Bisbee: Hippies, Gunslingers, Ghosts, And Wine In The Mule Mountains

Bisbee… what can I say about you? You’re a rather quirky tourist town nestled in the Mule Mountains of Southern Arizona, now aren’t you? Full of charming Victorian homes, hippie gift shops, and 100 year-old brick hotels. You attract a bohemian spirit that has charmingly added to the ascetics of your perch-top neighborhoods. You have a laid back Western attitude that has your inhabitants and visitors alike greeting each other with a howdy on the street. You make travel writers like me refer to you as a person, don’t you? Maybe that’s because I feel I know the place, and I’ve been here less than 16 hours.

Driving down highway 80 I passed through the infamous town of Tombstone. I didn’t stop to pay admittance to the OK Corral because being from L.A seeing the site of a murder doesn’t impress me too much. I guess if you’re a thug back in the Wild West you’re considered a gunslinger, in L.A you’re just a gangster. Anyway, I did stop at Boot Hill Graveyard because it has a totally killer name (ha!), and because, of course, it was free and I’m a cheapskate. This is where a lot of the thugs and hookers in the old days were buried, but, again, with better euphemisms like “outlaws” and “painted ladies”. I didn’t stay long because every grave looked the same, just a pile of rocks and a wooden cross with the name of the deceased painted in black on it, and because the sun was setting and I wanted to get to Bisbee before nightfall so I had at least a decent chance of finding my hotel.

Frank Bowles’s epitaph contained a wise bit of Zen advice for us still walking the Earth..

After that bit of non- excitement I left for the last 20 miles to Bisbee. The highway started to wind its way through the mountains and I was greeted by gorgeous ocher cliffs stunningly falling into a verdant green canyon. The sun continued its descent in the West until it was obscured by the hills and a soft light fell on the sublime landscape. It bode well for Bisbee, I thought – this beautiful scenery – and sure enough when I rounded a bend and set eyes on the town it put the pictures I had seen on the Internet to shame.

I wished I could have stayed for a second and admired it from the highway but as it’s only a two lane road and the car behind me didn’t seem as impressed as I was and rode my bumper close enough that I could spot a pimple on the man’s nose, I quickly found the exit and parked my car, praying I’d find the hotel without having to scour every street for it.

It wasn’t too hard, actually. Historic Bisbee is really just two or three square blocks and I stumbled upon my hotel with little difficulty.

I was staying at the Gym Club Suites, an old apartment building now being serviced as a hotel and the lady at the counter was sunny and kind and offered to show me to my room. We rode in the slowest elevator on the planet, perhaps. We were only going three floors but I think we had time to share our entire life stories with each other and still sit around in awkward silence for a minute. I’d thought I was the only one staying in the hotel the whole trip because the elevator was always where I had left it. No one else ever seemed to use it. Finally we got to my room and it was giant. There was a separate bedroom, a spacious living room with a flat screen TV, and a full-sized kitchen: stove, dishwasher, coffee pot, everything. It was a steal at 85 dollars a night and I told the woman I didn’t need that much space but it’s not like a pile of mash potatoes at Thanksgiving, you can’t really scoop it up and put it back, so I thanked her and made myself at home, throwing my clothes everywhere just to lessen the guilt and make it seem like there was some need for all this comfort.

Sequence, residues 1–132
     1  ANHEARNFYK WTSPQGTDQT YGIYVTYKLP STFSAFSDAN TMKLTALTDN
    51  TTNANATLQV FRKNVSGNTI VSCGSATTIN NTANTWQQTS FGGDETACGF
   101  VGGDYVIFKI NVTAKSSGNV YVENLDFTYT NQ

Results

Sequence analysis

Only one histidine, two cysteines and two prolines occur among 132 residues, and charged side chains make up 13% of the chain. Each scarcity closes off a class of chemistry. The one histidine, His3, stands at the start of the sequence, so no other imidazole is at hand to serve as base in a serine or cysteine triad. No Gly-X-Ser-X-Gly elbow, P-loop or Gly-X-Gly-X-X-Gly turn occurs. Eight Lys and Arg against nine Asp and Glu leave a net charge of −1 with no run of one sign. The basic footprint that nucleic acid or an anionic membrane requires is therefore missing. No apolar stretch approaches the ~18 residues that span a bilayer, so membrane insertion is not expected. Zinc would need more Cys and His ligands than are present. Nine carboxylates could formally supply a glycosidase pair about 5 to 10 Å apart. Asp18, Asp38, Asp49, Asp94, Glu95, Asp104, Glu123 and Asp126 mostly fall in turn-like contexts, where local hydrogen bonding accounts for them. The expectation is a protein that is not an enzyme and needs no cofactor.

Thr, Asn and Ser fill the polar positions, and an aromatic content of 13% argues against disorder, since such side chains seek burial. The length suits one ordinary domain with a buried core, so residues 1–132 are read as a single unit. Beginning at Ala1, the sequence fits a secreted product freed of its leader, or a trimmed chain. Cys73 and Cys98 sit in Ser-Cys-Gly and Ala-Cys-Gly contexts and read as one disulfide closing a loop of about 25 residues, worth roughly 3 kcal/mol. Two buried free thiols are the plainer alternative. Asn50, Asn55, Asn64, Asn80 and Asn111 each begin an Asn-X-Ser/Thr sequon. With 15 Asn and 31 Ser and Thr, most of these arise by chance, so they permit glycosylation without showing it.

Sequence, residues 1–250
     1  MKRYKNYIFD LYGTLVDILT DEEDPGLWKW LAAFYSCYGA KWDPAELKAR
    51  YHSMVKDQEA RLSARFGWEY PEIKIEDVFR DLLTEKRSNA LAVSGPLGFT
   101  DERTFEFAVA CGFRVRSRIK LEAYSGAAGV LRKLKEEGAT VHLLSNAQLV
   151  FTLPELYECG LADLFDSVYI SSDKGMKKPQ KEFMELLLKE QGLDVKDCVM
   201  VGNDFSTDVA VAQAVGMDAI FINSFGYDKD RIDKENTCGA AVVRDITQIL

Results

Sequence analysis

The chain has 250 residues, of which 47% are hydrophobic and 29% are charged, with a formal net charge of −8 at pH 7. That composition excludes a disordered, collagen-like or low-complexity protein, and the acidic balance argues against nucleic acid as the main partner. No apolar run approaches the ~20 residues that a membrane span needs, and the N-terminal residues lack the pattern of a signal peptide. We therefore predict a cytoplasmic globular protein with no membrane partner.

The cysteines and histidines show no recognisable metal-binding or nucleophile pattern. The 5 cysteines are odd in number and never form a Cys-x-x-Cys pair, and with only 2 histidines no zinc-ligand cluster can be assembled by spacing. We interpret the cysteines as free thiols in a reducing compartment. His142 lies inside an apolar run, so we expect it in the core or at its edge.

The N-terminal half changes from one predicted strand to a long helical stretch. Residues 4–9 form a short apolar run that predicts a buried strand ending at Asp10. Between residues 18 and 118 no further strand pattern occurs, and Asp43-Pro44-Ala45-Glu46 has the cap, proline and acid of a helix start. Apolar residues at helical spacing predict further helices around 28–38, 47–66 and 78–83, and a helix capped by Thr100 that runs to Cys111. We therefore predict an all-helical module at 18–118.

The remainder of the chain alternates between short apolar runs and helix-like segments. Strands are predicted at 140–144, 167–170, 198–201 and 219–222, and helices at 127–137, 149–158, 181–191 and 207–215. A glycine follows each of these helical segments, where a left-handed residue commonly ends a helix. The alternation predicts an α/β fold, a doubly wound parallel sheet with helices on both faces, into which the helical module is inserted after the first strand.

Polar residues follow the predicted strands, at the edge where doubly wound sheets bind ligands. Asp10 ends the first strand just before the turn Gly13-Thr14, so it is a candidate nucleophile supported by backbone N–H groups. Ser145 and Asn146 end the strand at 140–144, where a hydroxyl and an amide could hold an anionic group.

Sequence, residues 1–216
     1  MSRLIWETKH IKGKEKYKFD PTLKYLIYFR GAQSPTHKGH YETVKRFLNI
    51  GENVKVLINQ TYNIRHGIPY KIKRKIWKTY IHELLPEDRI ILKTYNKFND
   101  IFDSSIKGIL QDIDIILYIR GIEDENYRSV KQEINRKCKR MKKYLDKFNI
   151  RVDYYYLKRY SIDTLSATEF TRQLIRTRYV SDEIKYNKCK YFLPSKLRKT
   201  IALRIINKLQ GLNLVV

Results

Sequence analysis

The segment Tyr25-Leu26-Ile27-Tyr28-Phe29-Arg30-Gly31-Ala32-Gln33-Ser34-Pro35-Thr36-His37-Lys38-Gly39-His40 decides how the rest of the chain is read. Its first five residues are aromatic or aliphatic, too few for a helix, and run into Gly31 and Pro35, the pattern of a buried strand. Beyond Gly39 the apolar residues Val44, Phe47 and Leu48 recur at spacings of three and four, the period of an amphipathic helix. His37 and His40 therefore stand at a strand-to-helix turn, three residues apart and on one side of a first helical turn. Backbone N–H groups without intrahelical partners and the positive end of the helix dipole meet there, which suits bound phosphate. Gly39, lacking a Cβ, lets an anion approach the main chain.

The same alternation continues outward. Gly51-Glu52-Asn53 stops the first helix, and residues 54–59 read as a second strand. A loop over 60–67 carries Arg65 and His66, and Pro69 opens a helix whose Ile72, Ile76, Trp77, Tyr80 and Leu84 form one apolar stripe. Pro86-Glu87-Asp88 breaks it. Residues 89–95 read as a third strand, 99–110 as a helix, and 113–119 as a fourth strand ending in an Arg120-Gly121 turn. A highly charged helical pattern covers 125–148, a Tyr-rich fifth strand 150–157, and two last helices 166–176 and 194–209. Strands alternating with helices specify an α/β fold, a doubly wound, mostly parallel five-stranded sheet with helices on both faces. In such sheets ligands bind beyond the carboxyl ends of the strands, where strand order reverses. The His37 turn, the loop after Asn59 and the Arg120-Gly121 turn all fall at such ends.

I freshened up with a shower since I was ripe as a yellow banana after the long drive and then found a decent restaurant for dinner. I hunkered down at the bar and quickly found in front of me a glass of Shiraz and a tasty buffalo burger. This was just what I needed after 11 hours of driving through the desert. (It shouldn’t take this long, normally about nine and a half hours, but I took the long route around the Salton Sea and over to Highway 8. While on a detour to view the largest lake in California up close I stopped for gas and purchased a cup of instant coffee that was surprisingly good. The woman behind the counter asked where I was from and then what state L.A was in once I told her. That’s when I realized I was really off the beaten path. Or else this woman didn’t have all her marbles. The desert sun will do that to you.)

After dinner I wandered over to the Copper Queen Hotel and moseyed up to the bar. I do a lot of that, moseying up to bars. I drank a few glasses of Cabernet and tried to give the folks next to me some privacy as it seemed the woman was pouring her heart out to the man about some tragic crime that had recently happened to her. It was the type of conversation that you feel guilty for eavesdropping on but is so tantalizing it’s impossible not to. Was it rape? An attempted murder? What happened to this woman, and why would she share this in a bar? Eventually the woman left and the bartender came over and asked the man, (whom she knew well it seemed) if the lady was bothering him. He laughed it off but did admit he felt like he wasted his night. Huh? That sounded a little heartless but it turned out that the woman is a just coo-coo and that she does that all the time — corner someone and pester them ad nausea about some fantastically deranged delusion of hers. Aliens, FBI, Lawsuits. She’s been kicked out of the bar on numerous occasions for shenanigans just like that.  She is known for telling whopper after whopper and apparently this one was that some man had attempted to make her the star in his snuff film. After I found out that she is just a local nut I didn’t feel  ashamed anymore about eavesdropping and wished I had listened closer.

After a few glasses of Cabernet the bar emptied out and I got to talking with the bartender about life in Bisbee. The Copper Queen is supposedly haunted and the bartender had promised to tell me about her experiences with ghosts in the hotel but never got around to it as a friend of hers came in and we all began chewing the shit. The friend told me the story about how her dad drove into town in the 70’s in an old school bus and once it broke down he decided to stay. She noted that the school bus is still down the road and there are people living in it to this day. She had a beautiful Alaskan Malamute/ Border Collie named Johnson who was more chill than a box of Popsicles in the middle of winter. The pooch laid around the porch while the ladies smoked cigarettes and I prodded them for information and stories about Bisbee under a gorgeous starry night.

There’s a delightful spirit in Bisbee: the old buildings, the way the streets are mangled and in disrepair, the fact that half the houses are dilapidated, even the ones in use, (is there such a thing as building codes in Bisbee?)  the haunted hotels, and the way the entire town is jammed into a canyon; this all created a rather magical effect upon me and I commented as much, or maybe it was the six glasses of wine I had drunk? Either way, I could see why so many people had come to Bisbee and never left. That’s what the bartender had done. Originally from the Bay Area, she said when she got to Bisbee she knew she had found home.